Evaluating risk, sustainability, and decision making in agricultural and land-use strategies at ancient Gordion
Identifying how ancient societies made decisions about agriculture and land use is important for understanding why some pre-industrial agricultural systems flourished and others collapsed. Environmental archaeological data offer a unique diachronic perspective on the ephemerality or sustainability of agriculture in a particular place. This dissertation considers paleoethnobotanical and related archaeological evidence for changes in landscape and agricultural practices at the ancient city of Gordion in central Anatolia (modern Turkey) over a period of more than 2000 years, from the Late Bronze Age to the Medieval period. In order to interpret these data, agricultural and land-use strategies are modeled as a set of decision-making processes based on principles of human behavioral ecology and foraging theory, the study of how people make subsistence decisions in the context of social and biological environments.
Wood charcoal remains from Gordion show a pattern of long-term forest succession in the region. Wood acquisition strategies at Gordion appear to have focused on the use of local, available tree types for fuel but on more distant forest woods for construction. This is likely due to the lack of tall, straight juniper and pine in the immediate proximity of the site after the Late Bronze Age due to deforestation and resultant forest succession.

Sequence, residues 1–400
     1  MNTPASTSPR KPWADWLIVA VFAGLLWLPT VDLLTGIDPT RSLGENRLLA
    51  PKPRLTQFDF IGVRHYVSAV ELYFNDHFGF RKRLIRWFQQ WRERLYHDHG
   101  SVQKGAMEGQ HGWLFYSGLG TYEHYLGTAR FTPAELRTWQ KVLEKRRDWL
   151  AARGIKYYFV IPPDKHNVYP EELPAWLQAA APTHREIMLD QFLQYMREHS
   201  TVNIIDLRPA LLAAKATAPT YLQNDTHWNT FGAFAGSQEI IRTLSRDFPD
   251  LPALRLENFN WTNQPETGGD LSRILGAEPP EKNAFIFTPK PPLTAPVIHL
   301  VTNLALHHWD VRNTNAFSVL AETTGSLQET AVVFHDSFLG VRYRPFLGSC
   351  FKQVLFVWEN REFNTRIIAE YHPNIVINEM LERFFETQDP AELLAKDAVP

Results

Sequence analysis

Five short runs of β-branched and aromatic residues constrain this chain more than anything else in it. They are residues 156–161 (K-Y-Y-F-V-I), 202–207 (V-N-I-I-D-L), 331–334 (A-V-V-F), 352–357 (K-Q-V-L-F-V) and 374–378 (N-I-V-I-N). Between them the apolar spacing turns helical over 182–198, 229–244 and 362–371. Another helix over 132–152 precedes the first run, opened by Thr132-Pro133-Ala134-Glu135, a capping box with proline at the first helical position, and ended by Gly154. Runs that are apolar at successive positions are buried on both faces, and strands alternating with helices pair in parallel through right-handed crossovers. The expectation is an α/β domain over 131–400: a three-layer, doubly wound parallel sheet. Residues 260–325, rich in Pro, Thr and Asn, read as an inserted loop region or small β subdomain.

Paleoethnobotanical macroremains from Gordion indicate that a mixed agropastoral system focused on cereal cultivation and sheep and goat herding was standard during all periods of occupation. Shifts in regional demographics and political and economic systems, however, resulted in changing agricultural strategies between periods. Higher levels of population and economic success led to agricultural intensification and a decline in subsistence diversity, a traditional risk-management strategy. Increased population density resulted in overgrazing and steppe degradation in the immediate area of Gordion, increasing erosion and causing substantial alluviation of the Sakarya River. In contrast, climate change seems to have been only a minor factor influencing [and-use decisions at Gordion. A diversified agropastoral system, with dry farming of cereals and pulses and extensive herding, appears to have been the most sustainable agricultural strategy at Gordion over the long term.
Middle Eastern history;
0333: Middle Eastern history
0477: Environmental Studies